A-Listers: The Top 10 Architectural Movie Posters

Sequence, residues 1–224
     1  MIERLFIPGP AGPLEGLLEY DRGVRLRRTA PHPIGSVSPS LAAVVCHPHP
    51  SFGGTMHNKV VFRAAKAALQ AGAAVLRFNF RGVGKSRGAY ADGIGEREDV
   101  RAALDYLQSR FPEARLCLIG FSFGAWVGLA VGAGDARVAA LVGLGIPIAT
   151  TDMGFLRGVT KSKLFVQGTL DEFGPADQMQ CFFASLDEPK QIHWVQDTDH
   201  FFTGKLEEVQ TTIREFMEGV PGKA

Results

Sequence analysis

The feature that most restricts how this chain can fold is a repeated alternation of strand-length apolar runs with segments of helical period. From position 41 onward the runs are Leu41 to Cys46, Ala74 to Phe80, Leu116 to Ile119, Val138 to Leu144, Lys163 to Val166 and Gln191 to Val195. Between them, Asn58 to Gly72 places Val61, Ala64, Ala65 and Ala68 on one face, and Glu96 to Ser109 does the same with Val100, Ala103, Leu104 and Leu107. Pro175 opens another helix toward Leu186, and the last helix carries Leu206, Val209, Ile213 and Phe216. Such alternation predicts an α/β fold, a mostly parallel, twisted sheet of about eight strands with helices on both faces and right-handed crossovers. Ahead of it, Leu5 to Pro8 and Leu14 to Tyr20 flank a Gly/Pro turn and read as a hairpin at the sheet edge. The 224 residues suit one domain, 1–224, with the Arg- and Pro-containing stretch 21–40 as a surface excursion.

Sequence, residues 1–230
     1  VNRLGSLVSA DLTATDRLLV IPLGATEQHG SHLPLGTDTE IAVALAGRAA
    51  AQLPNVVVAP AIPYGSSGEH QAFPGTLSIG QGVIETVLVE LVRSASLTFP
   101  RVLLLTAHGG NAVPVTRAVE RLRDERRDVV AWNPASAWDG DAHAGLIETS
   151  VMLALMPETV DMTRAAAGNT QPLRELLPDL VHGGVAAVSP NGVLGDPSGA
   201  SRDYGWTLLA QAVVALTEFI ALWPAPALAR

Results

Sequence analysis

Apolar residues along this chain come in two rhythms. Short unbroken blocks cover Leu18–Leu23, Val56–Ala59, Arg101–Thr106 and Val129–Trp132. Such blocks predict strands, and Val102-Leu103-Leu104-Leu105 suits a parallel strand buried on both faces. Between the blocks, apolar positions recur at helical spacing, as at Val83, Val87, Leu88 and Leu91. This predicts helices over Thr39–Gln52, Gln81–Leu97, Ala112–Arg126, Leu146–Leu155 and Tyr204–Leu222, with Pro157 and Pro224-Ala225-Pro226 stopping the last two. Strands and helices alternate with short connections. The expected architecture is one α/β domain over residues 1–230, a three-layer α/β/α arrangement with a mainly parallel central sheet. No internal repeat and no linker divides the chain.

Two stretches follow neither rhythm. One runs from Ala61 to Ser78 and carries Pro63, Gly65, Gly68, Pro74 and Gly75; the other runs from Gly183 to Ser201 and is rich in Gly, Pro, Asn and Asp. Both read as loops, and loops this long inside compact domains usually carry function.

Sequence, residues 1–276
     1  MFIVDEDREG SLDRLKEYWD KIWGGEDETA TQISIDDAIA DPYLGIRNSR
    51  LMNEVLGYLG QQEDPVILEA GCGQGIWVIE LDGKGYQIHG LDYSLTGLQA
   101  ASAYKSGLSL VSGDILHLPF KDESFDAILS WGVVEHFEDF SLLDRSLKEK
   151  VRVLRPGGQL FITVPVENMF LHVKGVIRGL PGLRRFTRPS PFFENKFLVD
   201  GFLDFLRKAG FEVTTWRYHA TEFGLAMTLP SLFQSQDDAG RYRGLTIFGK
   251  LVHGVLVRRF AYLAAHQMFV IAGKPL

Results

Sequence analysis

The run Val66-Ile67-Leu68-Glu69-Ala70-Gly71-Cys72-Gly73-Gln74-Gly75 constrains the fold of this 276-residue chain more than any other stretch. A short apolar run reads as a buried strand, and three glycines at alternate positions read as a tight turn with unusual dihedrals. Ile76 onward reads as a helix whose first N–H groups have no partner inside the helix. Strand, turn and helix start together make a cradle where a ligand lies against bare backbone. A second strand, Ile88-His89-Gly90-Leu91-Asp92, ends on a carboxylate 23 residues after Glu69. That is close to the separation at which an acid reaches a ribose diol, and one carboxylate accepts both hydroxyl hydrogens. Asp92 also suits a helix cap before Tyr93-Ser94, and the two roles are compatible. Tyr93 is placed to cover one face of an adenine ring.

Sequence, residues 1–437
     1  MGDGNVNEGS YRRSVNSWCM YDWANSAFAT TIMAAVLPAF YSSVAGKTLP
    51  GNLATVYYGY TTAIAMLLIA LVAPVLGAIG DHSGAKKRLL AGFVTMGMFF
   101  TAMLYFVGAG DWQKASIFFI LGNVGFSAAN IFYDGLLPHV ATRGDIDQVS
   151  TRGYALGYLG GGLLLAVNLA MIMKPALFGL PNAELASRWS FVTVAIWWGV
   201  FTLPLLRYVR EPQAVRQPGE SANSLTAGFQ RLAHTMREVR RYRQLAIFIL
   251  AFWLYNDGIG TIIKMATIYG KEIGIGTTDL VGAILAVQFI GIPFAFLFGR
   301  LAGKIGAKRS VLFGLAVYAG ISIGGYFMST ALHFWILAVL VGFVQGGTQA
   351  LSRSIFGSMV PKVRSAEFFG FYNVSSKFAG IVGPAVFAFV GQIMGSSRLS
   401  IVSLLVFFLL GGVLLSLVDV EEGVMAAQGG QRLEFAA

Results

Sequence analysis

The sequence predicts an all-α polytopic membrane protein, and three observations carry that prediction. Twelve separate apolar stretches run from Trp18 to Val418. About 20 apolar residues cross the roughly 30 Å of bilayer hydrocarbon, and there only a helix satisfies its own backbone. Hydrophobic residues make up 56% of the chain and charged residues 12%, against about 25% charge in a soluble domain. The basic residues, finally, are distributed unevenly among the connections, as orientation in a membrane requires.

Film and architecture go together like peanut butter and whatever you like to eat with peanut butter (I’m not here to judge). The point is that the two art forms share an intimate bond, a fact that was recognized early on in film history. In the late 1930s, the legendary Russian director Sergei Eisenstein explained the filmmaking technique of montage by means of an architectural metaphor, noting how a visitor to the Acropolis would not be able to take in the whole complex from a single vantage point. To do this, the visitor would need to move through the Acropolis and experience the different spaces as a sequence of individual impressions. Still from Sergei Eisenstein’s 1931 film “¡Que Viva México!”; via The Third Eye Filmmaking, for Eisenstein, works the same way. Films, like buildings, are constructed environments, and the filmmaker, like the architect, must ensure that they are navigable. Like architecture, film has had its postmodern and deconstructionist rebels, who created techniques to throw viewers off the trail and frustrate their attempts to comprehend the whole. But in general, the medium prizes narrative smoothness, which can be seen as an analogue to functionality. It is no ...
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